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Crisco's trans fats are transformed

January 25, 2007|David Colker | Times Staff Writer

What would Betty Crocker do?

Crisco, the mainstay of cookie-baking moms for decades, is chucking its original formula to eliminate its much-maligned trans fats.

The decision, announced Wednesday by its maker, J.M. Smucker Co., shows how times have changed. When it debuted in 1911, the queen of trans fat products was hailed as a healthful alternative to butter and lard.

But for nearly two decades, researchers have attacked trans fat, which is vegetable oil treated with hydrogen to turn it into a solid. Food manufacturers favored it because it gave baked and fried foods a more solid texture and a longer shelf life.

But it also raises the bad cholesterol that can lead to heart disease.

Last month, New York City adopted a major ban on trans fats in restaurants, and Los Angeles County supervisors announced they were studying a similar move. Several restaurant chains, including KFC, Wendy's and Denny's, said they would eventually eliminate trans fat.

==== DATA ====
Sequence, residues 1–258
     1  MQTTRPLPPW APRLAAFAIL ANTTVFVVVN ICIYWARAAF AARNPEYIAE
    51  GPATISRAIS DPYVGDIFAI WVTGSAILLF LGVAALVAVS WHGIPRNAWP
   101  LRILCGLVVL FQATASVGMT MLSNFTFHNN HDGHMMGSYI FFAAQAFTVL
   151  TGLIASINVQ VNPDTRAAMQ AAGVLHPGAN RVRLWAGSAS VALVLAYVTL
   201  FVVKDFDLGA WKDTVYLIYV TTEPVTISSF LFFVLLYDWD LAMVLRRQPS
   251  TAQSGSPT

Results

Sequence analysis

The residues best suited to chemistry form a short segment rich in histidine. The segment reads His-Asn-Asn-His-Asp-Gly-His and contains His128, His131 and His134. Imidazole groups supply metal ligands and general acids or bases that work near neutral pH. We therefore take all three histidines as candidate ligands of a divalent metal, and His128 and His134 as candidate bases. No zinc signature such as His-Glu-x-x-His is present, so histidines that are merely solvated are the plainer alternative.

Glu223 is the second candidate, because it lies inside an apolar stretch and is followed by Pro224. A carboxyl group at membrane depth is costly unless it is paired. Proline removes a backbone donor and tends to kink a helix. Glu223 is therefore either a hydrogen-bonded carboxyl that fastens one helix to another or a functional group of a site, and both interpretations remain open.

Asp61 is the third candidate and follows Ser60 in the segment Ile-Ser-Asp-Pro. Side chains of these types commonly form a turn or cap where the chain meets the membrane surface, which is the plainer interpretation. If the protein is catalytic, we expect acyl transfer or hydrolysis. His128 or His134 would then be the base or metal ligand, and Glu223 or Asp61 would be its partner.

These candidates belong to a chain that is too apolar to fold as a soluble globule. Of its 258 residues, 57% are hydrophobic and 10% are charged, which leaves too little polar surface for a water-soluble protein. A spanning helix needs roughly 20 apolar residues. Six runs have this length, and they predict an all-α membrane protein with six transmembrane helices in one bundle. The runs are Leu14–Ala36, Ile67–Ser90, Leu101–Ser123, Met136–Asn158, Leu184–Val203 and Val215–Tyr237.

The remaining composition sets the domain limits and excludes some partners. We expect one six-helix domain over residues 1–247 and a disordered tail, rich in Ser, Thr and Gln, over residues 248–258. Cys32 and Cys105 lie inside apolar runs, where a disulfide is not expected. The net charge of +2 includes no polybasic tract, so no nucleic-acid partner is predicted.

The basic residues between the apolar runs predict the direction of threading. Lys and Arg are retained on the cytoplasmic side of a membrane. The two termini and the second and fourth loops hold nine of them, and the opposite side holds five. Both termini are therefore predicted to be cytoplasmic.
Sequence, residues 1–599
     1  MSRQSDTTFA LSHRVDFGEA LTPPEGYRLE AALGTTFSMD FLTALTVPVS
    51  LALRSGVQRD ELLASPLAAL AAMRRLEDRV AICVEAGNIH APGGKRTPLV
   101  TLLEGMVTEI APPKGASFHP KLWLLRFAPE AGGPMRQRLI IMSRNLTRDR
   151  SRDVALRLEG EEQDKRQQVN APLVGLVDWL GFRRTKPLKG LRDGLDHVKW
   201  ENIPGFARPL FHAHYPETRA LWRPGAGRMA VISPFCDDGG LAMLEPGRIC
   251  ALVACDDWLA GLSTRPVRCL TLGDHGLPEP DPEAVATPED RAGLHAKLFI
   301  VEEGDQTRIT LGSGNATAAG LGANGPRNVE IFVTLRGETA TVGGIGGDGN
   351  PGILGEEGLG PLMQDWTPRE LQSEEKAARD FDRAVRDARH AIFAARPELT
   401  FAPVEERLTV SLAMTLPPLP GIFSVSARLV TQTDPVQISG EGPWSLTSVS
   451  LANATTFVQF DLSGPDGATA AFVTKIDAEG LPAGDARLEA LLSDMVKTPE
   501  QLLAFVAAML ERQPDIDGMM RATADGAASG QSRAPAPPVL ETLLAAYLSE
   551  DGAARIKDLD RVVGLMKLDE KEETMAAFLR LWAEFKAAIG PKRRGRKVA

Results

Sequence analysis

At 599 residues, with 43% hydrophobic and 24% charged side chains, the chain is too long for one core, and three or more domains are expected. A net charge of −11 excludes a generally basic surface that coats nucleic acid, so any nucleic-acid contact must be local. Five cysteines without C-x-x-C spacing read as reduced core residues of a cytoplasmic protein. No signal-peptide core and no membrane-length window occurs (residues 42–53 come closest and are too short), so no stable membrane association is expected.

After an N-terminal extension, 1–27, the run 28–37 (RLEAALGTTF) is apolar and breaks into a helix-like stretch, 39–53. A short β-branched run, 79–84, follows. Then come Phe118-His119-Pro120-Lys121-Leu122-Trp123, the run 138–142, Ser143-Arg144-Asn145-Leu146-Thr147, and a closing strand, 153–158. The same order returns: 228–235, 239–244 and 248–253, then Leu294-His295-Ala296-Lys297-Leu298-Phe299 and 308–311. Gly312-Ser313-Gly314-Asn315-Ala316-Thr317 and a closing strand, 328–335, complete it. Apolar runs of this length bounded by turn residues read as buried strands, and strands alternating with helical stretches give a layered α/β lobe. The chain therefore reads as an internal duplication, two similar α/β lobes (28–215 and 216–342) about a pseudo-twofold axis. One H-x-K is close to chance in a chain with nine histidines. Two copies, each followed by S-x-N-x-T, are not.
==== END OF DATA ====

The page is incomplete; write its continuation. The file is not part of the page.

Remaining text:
Orville, Ohio-based Smucker had been working on the new formula since it acquired the Crisco brand in 2002, company spokeswoman Maribeth Badertscher said. It came out with a version in 2004 in a green can, but it was higher-priced than the traditional Crisco. She declined to say what breakthroughs led to the company being able to remove trans fat and maintain prices.

"Now we can offer it in the traditional blue can," she said.

"This is a very big deal," said Penny Kris-Etherton, a professor of nutrition and expert in fats at Penn State University. "It was absolutely the most famous example of a product with trans fat on the market. For years, people who did not want to use lard used Crisco shortening, thinking it was a more healthy fat."

What would Betty do without trans fat? The natural alternatives are still butter and lard.

"They are not so healthy either," Kris-Etherton said. "But I can't think of a good substitute that could be used in butter cookies. They sure do taste good."

So another icon of the kitchen goes down. Next they'll be telling us Betty Crocker never existed.

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david.colker@latimes.com

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